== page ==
Scott Mason, bird trainer and creator of the Parahawking Project, with an Egyptian vulture.
Scott Mason? life is quite remarkable. He grew up in Essex, England in a relatively poor urban housing estate just outside London, which exposed him to wildlife, particularly birds, from a young age. Both of his parents and his school teacher encouraged an interest in nature and at 12 years old he adopted his first bird, a male barn owl. Walking the streets in the late afternoon his bird would fly from roof top to roof top or rest on his fist.
“Needless to say, I was quite the oddity amongst my neighbors,?Mason recalled.
Today, Mason lives in Nepal and offers one of the most unique and thrilling experiences that I could imagine for a bird enthusiast. “People dream of flying like a bird or with birds,?Mason said, “We can make their dreams come true.?
The Parahawking Project offers an unrivaled flying experience, where you can go paragliding over the Himalayas with a bird of prey accompanying you. The birds have been 100-percent reliable during this extraordinary interactive flying experience, with more than 600 parahawking clients.
“Flying and interacting with a bird of prey in flight, with the backdrop of the mighty Himalayas and then having that bird land gently on your arm mid flight takes people to a new place spiritually,?Mason says. He believes it is one of life? great privileges, to be part of a bird? world in the sky, with the ultimate bird? eye view.
Parahawking not only gives you an unique experience, it can help you gain a better understanding of the Egyptian vulture.
I am told the name “parahawking?was conceived in a bar over a beer (or two), with a paragliding entrepreneur in Nepal. The first idea was to train birds of prey to guide them to thermals for an optimal paragliding experience. It wasn? until Mason rescued two black kite chicks who had fallen from a nest, that a dream quickly became a possibility and then a reality.
Five years into working with the birds, people started wanting to experience this distinctive encounter themselves. Like any start-up business it was slow in the beginning. People who were hesitant of the concept began to slowly accept the idea of gliding over the Himalayas with a raptor. Then came Kevin.
Kevin, an Egyptian vulture whose white feathers resemble Andy Warhol? spiky hair, was not only incredibly consistent; he also tied in with the conservation work the organization was participating in.
“We didn? choose Egyptian vultures, they just happened to be rescued,?Mason explained. Mason runs a small raptor rescue facility at his home in Nepal. Over the years they have rescued more than 70 birds, most of which have been successfully rehabilitated and returned to the wild. Some birds, especially orphaned chicks, which become imprinted, are unable to be released. Those birds stay at the facility and as part of an enrichment program are trained to participate with the parahawking. This behavior won a recent award at an International Association of Avian Trainers and Educators conference.
For many years, Mason had admired Egyptian Vultures while paragliding in Nepal. “I never imagined that we would end up with two of them and that they would form the backbone of what is now a fairly successful business venture,?he said.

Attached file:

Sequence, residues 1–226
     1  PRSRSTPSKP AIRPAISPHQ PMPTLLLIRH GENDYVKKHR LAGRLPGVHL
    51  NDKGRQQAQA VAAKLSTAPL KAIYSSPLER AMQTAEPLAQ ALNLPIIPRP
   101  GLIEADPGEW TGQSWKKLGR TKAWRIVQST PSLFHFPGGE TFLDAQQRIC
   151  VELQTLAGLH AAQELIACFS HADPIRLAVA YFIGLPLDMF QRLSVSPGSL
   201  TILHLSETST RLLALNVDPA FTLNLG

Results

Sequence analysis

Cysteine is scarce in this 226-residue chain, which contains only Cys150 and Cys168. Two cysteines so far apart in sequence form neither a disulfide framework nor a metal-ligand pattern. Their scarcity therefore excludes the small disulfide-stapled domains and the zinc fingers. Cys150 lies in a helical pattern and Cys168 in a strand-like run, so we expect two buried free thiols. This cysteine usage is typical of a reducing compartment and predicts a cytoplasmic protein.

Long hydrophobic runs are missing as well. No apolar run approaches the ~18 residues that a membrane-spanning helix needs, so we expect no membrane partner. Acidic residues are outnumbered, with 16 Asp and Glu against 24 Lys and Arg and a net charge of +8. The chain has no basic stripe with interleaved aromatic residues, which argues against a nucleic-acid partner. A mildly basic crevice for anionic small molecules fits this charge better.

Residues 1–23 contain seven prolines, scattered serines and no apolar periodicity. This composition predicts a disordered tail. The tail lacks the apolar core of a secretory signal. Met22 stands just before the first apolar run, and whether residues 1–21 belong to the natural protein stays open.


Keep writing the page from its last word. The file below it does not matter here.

Mason accomplished this experience through a training process called chaining, where he laid out a plan and trained several small steps, putting them together at the end. “Once I achieved the basics, the focus was on consistency and repetition and obviously reward,?Mason said. “We never fly or exercise our birds unless they are flying with a paraglider, that? the key to their reliability.?lt;/span>
Aside from the safety weight and age restrictions I couldn? imagine any bird enthusiast who wouldn? enjoy this experience.
Scott Mason, creator of Parahawking, calls the experience of gliding and then having a bird land on your arm mid-flight, a “spiritual” one.
“My youngest passenger was five and my oldest passenger was 90, who told me after her flight that it was the best thing she had ever done in her life. Now that? something,?Mason said enthusiastically. Mason? goal is to encourage people to connect with nature and also take away knowledge of the problems vultures are facing in the wild. With each flight, $10 USD is donated to vulture conservation projects in Nepal. Everyone who flies instantly become a conservation donor. Mason says that their best passengers are those who are interested in the birds, with paragliding acting as the medium. Mason, a self proclaimed bird nerd, welcomes thrill seekers but even more so those who want to experience their inner bird.
Parahawking season starts around mid October and runs through mid April. My only hesitation, which is also part of the appeal, is that it is located in Nepal. With recent earthquakes I think immediately about safety. Mason wants to get the message out that while some rural parts of the county did have devastating effects, the county as a whole is still functioning.
Mason says that “Many of the popular trekking routes were unaffected, especially in the Annapurna region, as was Chitwan and Bardia National parks. Pokhara was completely unaffected and as such all tourism activities and hotels are operating as normal, including Parahawking.?He adds that Nepal? economy relies heavily on tourism and it is really important that people understand that by visiting Nepal, you are directly helping the economy and helping rebuild the areas that were most affected by the earthquakes.
Mason also has another message about vultures in particular. “There is no better way to empathize with the misunderstood vultures than to share the sky with them and interact with them in their own environment,?he said.
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